Nonetheless, during the past few years, we have seen some first steps towards the use of robots in the home. Given the difficulties of developing robots that can easily negotiate stairs, the first domestic robots created and sold have been limited to performing what can be done by a wheeled device, and not requiring climbing or other coordination. Naturally, vacuuming floors was the first application, as it is simple — at least, relative to other household chores.

This article will focus on robotic vacuums, as they are the type of domestic helpmate most likely to be seen by readers during the next few years. While discussions of proof-of-concept home robots can be fascinating, few of us can afford such products, as they are usually priced in the thousands of dollars. In addition, some of the most interesting ideas are still on the drawing boards in product development labs.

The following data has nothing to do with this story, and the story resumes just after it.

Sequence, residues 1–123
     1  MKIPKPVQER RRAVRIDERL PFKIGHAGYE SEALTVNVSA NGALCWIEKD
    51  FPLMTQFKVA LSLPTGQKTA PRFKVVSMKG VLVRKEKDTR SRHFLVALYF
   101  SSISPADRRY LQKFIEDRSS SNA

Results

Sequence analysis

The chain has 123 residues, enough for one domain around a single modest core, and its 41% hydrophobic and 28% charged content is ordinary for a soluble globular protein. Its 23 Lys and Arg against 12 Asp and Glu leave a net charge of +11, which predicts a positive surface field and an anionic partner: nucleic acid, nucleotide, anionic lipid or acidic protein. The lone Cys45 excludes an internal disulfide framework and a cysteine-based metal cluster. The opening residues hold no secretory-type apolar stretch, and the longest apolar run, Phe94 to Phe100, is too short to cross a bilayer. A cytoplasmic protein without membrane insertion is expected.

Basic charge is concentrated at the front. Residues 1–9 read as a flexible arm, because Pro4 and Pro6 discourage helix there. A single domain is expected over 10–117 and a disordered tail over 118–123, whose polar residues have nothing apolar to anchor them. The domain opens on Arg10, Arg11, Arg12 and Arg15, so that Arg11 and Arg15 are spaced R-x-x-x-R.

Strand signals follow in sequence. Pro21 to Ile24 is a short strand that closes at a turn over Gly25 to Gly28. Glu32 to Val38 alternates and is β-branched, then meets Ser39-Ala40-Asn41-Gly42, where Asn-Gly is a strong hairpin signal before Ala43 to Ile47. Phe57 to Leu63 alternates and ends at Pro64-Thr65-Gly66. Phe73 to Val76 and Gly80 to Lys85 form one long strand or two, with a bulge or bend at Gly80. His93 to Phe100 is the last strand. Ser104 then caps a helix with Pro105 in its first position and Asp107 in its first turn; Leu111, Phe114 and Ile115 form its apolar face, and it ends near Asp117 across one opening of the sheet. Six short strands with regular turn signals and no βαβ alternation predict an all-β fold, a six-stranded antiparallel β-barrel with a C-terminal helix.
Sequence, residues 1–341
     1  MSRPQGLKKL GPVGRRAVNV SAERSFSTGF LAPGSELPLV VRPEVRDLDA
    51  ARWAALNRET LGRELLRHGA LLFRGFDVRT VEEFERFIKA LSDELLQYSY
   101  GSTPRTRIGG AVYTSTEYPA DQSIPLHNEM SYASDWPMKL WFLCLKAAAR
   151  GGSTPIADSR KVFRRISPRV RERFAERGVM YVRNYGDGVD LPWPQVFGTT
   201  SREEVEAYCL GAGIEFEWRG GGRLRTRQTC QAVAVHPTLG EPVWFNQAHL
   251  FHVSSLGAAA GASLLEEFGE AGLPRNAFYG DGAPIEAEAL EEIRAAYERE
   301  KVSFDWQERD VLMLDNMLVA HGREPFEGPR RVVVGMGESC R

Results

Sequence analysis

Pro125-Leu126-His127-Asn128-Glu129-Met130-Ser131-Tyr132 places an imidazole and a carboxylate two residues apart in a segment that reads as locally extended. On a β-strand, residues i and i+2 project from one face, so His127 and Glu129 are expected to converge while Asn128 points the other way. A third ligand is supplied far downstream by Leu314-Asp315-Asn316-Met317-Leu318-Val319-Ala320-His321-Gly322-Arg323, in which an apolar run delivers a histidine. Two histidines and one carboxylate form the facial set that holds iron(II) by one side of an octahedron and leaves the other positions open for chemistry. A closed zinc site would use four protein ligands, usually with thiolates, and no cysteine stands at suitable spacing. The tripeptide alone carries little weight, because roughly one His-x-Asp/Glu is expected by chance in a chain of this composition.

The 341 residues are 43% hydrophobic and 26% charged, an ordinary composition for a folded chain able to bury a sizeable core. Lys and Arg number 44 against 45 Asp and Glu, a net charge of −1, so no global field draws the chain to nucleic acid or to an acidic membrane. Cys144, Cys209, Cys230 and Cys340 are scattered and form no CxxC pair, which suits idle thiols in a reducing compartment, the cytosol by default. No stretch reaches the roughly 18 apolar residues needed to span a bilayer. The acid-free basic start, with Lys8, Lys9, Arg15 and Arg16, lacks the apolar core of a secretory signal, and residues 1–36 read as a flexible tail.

Vacuum vs. Broom

Ask the citizens of any industrialized country, which chores in the home they dislike the most, and perhaps the top two "favorites" will be: doing laundry, and vacuuming. Both tasks have admittedly been made less arduous through the wonders of science. After all, pushing a Hoover, or being dragged around the living room by the same, is easier than wielding a mean broom. But we Americans are always looking for ways to further minimize physical exertion; thus was born the automatic vacuum.